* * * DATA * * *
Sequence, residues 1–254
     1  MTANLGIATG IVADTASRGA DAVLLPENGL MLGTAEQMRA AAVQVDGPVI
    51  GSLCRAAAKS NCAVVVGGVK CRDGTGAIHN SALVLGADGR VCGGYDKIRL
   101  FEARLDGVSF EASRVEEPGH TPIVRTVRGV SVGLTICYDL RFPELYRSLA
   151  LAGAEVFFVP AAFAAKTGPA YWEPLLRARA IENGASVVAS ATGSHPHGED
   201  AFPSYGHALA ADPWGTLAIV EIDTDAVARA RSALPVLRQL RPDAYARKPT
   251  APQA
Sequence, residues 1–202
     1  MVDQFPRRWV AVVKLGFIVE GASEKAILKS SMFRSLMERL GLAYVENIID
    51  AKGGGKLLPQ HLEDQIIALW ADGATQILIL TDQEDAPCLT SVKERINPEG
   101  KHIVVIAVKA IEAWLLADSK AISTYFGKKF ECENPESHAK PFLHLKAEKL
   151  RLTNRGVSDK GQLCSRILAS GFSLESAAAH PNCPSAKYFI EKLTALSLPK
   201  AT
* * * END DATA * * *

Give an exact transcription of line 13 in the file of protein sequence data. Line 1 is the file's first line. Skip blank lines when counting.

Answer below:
   201  AT